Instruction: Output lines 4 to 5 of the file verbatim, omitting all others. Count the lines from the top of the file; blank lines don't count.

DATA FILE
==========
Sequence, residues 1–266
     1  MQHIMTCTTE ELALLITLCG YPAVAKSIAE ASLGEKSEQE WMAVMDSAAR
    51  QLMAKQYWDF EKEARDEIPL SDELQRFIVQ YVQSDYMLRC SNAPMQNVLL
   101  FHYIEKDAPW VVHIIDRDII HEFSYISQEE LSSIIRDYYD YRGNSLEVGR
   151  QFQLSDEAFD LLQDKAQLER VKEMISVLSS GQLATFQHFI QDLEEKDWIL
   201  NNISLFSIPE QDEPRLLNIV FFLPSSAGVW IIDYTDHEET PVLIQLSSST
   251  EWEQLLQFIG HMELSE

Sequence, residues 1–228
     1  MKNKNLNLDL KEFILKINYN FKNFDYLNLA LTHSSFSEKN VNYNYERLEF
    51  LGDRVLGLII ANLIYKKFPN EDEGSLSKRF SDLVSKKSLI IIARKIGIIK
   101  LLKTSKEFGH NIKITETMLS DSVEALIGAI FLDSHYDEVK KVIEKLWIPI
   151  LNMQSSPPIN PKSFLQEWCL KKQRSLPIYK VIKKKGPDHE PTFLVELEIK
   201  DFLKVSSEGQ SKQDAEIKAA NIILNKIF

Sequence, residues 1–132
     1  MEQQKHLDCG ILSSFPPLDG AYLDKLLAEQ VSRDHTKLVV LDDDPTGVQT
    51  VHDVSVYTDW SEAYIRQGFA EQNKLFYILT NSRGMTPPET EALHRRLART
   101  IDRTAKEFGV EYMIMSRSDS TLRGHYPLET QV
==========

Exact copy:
   101  FHYIEKDAPW VVHIIDRDII HEFSYISQEE LSSIIRDYYD YRGNSLEVGR
   151  QFQLSDEAFD LLQDKAQLER VKEMISVLSS GQLATFQHFI QDLEEKDWIL